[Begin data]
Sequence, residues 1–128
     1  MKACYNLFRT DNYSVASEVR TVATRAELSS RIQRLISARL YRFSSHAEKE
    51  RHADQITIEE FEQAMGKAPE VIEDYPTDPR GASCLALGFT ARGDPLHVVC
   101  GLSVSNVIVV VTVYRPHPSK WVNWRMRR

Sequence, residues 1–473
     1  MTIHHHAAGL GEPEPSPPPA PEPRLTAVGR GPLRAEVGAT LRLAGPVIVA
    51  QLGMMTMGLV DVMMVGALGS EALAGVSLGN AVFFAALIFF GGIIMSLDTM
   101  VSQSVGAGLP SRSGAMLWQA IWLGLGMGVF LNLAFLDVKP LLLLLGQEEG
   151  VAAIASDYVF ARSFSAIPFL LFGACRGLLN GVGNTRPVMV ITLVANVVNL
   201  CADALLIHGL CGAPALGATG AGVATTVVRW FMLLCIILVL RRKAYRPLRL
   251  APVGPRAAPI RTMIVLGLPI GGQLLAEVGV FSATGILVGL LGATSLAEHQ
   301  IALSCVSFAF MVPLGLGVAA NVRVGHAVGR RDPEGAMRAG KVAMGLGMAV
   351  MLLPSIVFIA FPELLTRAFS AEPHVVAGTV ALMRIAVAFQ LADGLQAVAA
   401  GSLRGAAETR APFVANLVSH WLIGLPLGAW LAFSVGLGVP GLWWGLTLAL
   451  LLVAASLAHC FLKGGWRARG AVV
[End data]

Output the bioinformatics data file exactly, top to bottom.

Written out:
Sequence, residues 1–128
     1  MKACYNLFRT DNYSVASEVR TVATRAELSS RIQRLISARL YRFSSHAEKE
    51  RHADQITIEE FEQAMGKAPE VIEDYPTDPR GASCLALGFT ARGDPLHVVC
   101  GLSVSNVIVV VTVYRPHPSK WVNWRMRR

Sequence, residues 1–473
     1  MTIHHHAAGL GEPEPSPPPA PEPRLTAVGR GPLRAEVGAT LRLAGPVIVA
    51  QLGMMTMGLV DVMMVGALGS EALAGVSLGN AVFFAALIFF GGIIMSLDTM
   101  VSQSVGAGLP SRSGAMLWQA IWLGLGMGVF LNLAFLDVKP LLLLLGQEEG
   151  VAAIASDYVF ARSFSAIPFL LFGACRGLLN GVGNTRPVMV ITLVANVVNL
   201  CADALLIHGL CGAPALGATG AGVATTVVRW FMLLCIILVL RRKAYRPLRL
   251  APVGPRAAPI RTMIVLGLPI GGQLLAEVGV FSATGILVGL LGATSLAEHQ
   301  IALSCVSFAF MVPLGLGVAA NVRVGHAVGR RDPEGAMRAG KVAMGLGMAV
   351  MLLPSIVFIA FPELLTRAFS AEPHVVAGTV ALMRIAVAFQ LADGLQAVAA
   401  GSLRGAAETR APFVANLVSH WLIGLPLGAW LAFSVGLGVP GLWWGLTLAL
   451  LLVAASLAHC FLKGGWRARG AVV